Tempo changes are considerably more varied in their potential usage scenarios. Of course, like time signature changes, they can be just the thing to push a track in a totally new direction, whether applied suddenly (blasting into a half-/double-time section, perhaps) or gradually changed over a number of bars.
Some DAWs feature the ability to slave the project tempo to that of a chosen audio clip, enabling, for example, live hip-hop drum loops that varies in tempo to be set as the master for every other track in the project to follow (assuming the DAW in question also facilitates automatic time-stretching of the audio on those tracks).
Gently raising and lowering the tempo as a track progresses in order to add pace to choruses and ease off in the verses is an age-old technique dating back centuries – originally the job of the orchestral conductor, these energy-giving fluctuations can now be drawn right onto the tempo track in your DAW.
Next, we will show you how to apply both time signature and tempo changes in Ableton Live. If you’re using another DAW, the creative principles will be the same, though you may need to consult its manual to find out exactly how it’s achieved.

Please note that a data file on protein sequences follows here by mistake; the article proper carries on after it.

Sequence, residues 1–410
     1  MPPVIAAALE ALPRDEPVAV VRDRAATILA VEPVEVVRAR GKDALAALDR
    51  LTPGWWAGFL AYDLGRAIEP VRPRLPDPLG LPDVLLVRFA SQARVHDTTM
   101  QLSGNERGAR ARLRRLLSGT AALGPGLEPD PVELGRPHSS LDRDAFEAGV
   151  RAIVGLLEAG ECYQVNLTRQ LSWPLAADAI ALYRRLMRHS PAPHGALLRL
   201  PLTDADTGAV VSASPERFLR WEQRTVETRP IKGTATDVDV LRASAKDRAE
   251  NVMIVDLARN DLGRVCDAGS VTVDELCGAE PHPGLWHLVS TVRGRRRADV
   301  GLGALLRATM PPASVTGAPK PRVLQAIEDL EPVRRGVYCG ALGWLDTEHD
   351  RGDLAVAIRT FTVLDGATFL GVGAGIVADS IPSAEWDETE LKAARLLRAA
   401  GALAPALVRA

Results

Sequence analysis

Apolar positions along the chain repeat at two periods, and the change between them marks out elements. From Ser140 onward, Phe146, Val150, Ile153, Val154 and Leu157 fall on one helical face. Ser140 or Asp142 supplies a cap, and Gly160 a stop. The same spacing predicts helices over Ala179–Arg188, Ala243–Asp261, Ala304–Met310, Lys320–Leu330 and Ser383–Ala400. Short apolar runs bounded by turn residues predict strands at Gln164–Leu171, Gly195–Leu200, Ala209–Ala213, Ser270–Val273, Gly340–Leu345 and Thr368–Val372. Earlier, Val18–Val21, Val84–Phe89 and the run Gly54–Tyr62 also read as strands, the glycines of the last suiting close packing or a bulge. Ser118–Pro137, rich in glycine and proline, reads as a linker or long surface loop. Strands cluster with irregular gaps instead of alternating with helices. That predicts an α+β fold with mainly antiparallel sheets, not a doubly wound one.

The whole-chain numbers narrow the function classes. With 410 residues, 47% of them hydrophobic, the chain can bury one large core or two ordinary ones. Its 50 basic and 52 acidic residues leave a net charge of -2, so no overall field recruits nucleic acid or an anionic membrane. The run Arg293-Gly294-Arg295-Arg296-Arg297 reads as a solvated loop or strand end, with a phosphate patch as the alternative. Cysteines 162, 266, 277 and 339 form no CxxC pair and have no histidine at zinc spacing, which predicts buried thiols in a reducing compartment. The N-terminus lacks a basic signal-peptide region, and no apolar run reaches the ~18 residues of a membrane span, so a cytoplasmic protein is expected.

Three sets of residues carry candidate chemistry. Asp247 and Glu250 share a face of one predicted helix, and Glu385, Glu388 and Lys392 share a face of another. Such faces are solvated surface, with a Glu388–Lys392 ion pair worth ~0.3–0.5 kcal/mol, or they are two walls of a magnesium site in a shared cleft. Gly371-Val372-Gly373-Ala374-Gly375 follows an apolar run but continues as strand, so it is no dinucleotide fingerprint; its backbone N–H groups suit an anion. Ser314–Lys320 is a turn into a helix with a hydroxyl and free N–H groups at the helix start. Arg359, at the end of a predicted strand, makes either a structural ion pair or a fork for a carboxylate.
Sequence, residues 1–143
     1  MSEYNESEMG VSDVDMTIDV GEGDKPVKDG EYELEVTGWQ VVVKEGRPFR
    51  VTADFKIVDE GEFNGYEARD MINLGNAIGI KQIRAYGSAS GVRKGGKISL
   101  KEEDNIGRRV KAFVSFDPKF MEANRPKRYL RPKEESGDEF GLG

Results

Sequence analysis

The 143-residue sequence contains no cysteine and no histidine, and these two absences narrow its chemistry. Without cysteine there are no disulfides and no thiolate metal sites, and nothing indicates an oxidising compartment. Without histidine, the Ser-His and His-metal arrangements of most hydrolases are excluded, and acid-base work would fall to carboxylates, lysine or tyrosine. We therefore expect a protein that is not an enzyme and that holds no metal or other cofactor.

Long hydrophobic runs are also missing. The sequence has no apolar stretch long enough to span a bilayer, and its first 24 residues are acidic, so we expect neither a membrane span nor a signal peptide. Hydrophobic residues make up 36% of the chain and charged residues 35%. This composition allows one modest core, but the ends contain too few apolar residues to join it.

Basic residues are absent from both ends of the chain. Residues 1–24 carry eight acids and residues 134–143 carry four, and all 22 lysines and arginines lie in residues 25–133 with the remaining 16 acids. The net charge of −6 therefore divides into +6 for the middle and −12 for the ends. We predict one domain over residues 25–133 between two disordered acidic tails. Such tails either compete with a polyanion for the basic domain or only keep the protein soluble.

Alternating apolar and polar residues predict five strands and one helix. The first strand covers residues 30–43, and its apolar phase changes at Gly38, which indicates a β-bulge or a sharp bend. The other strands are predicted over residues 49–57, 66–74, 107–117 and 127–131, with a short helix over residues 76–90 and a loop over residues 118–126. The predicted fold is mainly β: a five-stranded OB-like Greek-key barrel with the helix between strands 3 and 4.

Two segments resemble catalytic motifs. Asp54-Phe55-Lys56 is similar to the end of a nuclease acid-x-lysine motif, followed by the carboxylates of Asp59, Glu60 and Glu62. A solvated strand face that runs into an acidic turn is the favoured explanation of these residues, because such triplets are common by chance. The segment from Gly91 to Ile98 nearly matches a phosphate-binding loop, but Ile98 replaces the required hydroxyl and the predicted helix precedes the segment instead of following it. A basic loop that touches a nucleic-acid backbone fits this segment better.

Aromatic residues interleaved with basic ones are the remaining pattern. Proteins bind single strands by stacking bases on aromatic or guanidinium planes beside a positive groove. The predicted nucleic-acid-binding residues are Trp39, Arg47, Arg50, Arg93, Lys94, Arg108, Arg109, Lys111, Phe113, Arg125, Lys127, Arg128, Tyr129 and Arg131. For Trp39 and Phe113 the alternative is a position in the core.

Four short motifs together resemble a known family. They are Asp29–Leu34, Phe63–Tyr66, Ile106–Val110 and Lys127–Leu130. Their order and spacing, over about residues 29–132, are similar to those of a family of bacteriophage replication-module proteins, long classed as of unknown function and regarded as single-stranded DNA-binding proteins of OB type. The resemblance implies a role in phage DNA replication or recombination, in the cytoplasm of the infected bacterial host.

Ableton Live can work in any time signature with a denominator of 1, 2, 4, 8, or 16 and a numerator of 1-99. Yes, 99! The time signature is entered into the Time Signature field next to the metronome, and automating changes to it is a piece of cake. Let’s look at how to start a new project in Live, which will default to 4/4.
Right-click anywhere in the Scrub area below the timeline and select Insert Time Signature Change. A marker is created with an active field into which you can enter a time signature as two numbers separated by a slash, space, comma, or full stop. When that point in the project is reached, it will switch to that time signature.
If you add your change within the preceding bar, as opposed to on the bar line at the end of it, a ‘Fragmentary Bar’ will be created to fill the space, indicated by a dark grey strip. This can be left as is, or you can right-click it and select Complete Fragmentary Bar (Insert Time) to extend it back up to a full bar of the previous time signature.
Similarly, if you edit a time signature marker (right-click and select Edit Time Signature) that is followed by another marker, such that the first section no longer fits exactly in the same time-span, a fragmentary bar will be placed at the end to fill the empty space. Keep it there or fill it out – the choice is yours.
Rather cleverly, Live even enables time signature changes in the Session view. Simply rename a Scene to the time signature you want to have it automatically switch to when that Scene is triggered. Note that any Scene not named in this way will play back at the last signature chosen!
Hope these Ableton Live tips will help you and if you enjoyed this article share it with your friends using the social buttons below.